The A.H. Meyer’s Pabst (of the beer family) Harlem Music Hall and Restaurant, building at 243-51 West 124th Street, east of 8th Avenue, a venue that lasted the first three decades of the 20th century.
The Pabst was designed by architect Otto Strack in the tradition of European opera houses and the German Renaissance Revival style. He made it one of the most fire-proof theaters of its day, as well as one of the most opulent.
The restaurant was a gathering place for the large German population which inhabited Harlem at the time. They were known for seafood and popularly referred to as a “lobster palace”.
As Harlem historian Michael Adams says this is the place, “where young Hungarian Sigmund Romberg was the regular pianist for $55 per week, between 1910 and 1911, prior to gaining fame as the last great composer of operetta.”
Also, It was where Broadway diva Madame Sherri and her French husband Andre Sherri (Macaluso/Riela as he called himself) staged musical reviews, and advertised it below “With Eugene Macgregor of Broadway Production Fame, and 20 Other Favorites,” with “Stunning Girls,” “Elaborate Customs,” and “Entirely New”:
One can see that the posh interior used to be a large dome, skylites that had table seating covered in clothe on the ground floor, with palm trees on both the ground floor and placed after every other window on the second floor, centered with a large painting for a touch of class.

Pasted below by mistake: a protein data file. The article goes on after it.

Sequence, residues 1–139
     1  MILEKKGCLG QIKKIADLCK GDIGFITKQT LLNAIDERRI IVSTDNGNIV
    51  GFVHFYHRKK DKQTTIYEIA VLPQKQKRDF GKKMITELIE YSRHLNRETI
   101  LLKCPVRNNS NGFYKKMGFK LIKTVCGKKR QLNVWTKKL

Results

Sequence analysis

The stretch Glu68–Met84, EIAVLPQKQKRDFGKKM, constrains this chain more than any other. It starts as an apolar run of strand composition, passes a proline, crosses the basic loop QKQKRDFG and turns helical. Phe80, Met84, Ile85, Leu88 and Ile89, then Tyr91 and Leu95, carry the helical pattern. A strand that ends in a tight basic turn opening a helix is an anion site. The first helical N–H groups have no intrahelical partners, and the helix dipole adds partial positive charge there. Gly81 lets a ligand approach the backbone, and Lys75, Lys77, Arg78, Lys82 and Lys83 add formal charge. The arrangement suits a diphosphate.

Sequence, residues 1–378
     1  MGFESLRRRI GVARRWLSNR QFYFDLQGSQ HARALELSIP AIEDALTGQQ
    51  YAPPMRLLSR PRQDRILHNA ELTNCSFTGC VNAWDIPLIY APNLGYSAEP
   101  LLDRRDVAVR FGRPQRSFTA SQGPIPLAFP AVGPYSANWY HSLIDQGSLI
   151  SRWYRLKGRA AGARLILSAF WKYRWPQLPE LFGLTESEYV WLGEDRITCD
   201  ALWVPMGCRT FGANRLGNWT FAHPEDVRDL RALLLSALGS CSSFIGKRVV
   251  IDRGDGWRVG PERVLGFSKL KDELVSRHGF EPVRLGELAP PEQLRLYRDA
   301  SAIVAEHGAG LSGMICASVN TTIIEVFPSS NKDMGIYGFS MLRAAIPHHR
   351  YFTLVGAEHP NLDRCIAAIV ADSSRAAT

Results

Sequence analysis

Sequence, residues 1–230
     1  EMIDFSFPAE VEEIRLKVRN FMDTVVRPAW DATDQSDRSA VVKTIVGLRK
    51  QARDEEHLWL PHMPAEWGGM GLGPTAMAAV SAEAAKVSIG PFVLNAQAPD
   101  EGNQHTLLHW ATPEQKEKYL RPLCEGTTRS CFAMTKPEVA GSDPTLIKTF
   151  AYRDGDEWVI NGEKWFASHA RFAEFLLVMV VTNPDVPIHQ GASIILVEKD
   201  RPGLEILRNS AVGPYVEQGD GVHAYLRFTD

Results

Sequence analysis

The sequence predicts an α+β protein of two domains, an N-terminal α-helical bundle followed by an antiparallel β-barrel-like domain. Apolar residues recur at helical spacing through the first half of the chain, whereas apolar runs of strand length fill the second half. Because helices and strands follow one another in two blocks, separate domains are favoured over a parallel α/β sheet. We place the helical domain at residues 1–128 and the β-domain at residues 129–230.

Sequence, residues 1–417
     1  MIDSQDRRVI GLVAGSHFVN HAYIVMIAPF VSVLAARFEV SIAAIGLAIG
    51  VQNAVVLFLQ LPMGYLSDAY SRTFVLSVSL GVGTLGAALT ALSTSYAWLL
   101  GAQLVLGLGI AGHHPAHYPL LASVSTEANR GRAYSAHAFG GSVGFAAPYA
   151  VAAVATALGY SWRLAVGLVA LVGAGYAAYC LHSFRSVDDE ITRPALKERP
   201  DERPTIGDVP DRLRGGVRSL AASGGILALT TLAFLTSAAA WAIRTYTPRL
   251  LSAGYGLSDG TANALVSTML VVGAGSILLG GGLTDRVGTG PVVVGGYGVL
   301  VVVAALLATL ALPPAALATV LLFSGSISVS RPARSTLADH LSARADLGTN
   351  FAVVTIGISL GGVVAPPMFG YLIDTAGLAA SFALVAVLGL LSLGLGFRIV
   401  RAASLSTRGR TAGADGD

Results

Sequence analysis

As HarlemBespoke wrote, “The December photograph above shows the Christmas tree (and lights) installed inside during holiday season. One would imagine that this particular location would have been the place to dine out at for New Year’s Eve in Harlem until prohibition shut the establishment down by 1920…” served a daily supply of seafood by train from Maine.
Michael Adams states that “rather than accept black patronage the restaurant closed to become a Kress dime store in 1917.” The building closed just before Prohibition came into effect. (A wartime prohibition, enacted in June 1919, severely restricted the sale of alcohol after World War I, prior to the enactment of the 21st Amendment in 1920.)